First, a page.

"The newsroom out there looks like the Herald Sun … the news judgment is the same. I've been an editor out there for seven years, I know what a story is.''
Pristel has a ready, steady answer whenever the subject of the ratings comes up: he doesn't worry about the numbers, he worries about the quality of the product. Get that right, he says, and the ratings will look after themselves.
''If you want to judge a bulletin purely on ratings, then, sure, we've got a long way to go,'' he says. ''I'm confident with the team that we've got and that we're recruiting, that we'll get there. It takes a while … and getting back to lead position will take a little bit of time as well.''
Media analyst Steve Allen says network bosses at Nine and Seven are watching the battle closely because of its implications for overall national ratings supremacy. It is the ratings weak spot for Seven, which has otherwise had a stellar start to the year, led by the My Kitchen Rules juggernaut.
''Melbourne is the battleground now between Seven and Nine, and Nine now certainly has the upper hand,'' Allen says. ''Nine's making just much better story choices. And Nine's promoting better.''
On any given night, both Seven and Nine serve up a familiar diet of crime, cranky commuters and football capers. Pristel says he is trying to develop a culture that adds exclusive story breaks to the standard This-Happened-Today formula. ''You have to be continually breaking stories because [viewers are] getting so much news through the day. So in terms of the recruiting of reporters, it's very much based on reporters who can build contacts and who can tell people things they didn't know before the bulletin started.''
But Green Guide has been told reporters are chafing at this insistence on stories that can be slapped with an ''exclusive'' tag - an easier task in a newspaper newsroom, with its bigger staff, more space for stories and no need for dramatic footage to dress up the words - and that they are fearful of the repercussions if they don't deliver the goods. ''Exclusives will save the day,'' is how one critical source describes Pristel's remedy for ratings decline.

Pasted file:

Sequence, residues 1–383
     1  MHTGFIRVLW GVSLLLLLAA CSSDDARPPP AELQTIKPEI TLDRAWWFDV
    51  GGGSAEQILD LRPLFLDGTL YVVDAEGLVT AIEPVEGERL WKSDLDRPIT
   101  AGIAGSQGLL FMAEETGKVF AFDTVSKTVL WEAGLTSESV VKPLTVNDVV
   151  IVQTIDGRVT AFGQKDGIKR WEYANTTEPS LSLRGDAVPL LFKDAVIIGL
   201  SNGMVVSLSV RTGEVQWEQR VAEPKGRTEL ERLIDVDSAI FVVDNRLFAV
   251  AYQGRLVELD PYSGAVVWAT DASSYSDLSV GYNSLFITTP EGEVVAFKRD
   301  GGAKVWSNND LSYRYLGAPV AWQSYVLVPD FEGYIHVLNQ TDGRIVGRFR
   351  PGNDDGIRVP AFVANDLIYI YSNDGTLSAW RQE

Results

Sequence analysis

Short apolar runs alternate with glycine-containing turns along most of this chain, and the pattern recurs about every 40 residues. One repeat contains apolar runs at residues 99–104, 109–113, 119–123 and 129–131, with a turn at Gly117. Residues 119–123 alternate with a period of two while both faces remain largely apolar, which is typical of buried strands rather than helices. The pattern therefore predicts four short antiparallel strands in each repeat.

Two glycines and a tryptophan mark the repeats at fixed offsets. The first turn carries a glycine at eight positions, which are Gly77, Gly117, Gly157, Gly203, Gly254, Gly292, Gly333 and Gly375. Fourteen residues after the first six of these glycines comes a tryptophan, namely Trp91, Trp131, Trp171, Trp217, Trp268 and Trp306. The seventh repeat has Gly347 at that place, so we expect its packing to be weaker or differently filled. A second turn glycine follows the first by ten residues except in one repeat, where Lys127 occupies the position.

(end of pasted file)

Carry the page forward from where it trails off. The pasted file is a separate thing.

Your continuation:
Pristel rejects the notion that TV is there only to deliver the basic nuts-and-bolts of the day's events. ''I simply won't accept that it's the job of newspapers to break news.''
And he makes no apologies for trying to tinker with the culture of the Seven operation. When Green Guide asks why it needed changing, he replies: ''I don't think it needed changing, because overall it was a winning culture, but I think every culture can do with some refreshing from time to time, fresh ideas, a fresh injection of passion. But every media business needs that, to take stock of where you are.
''Clearly what was here last year wasn't working, we were losing by a long way, so changes had to be made. I was given a remit to come in, make changes, and that's what I've been doing.''
If there is dissent in the newsroom, he says, he is also the kind of boss who is happy to have it thrashed out openly.
''I want a workplace where people are prepared to discuss everything, from the way the workplace itself works, to the debate around which story is lead story. And that's the position we're getting to. I run a very open, transparent newsroom and I think we're getting there.
''To some degree, you want a degree of creative tension, you want those fresh ideas coming in. I'm not detracting in any way from the people who have been here for years. It's a team that won for a long time and what I'm trying to do is get everybody back to that position of being No.1. You cannot stand still, you've got to make changes, you've got to bring in fresh people, fresh ideas …''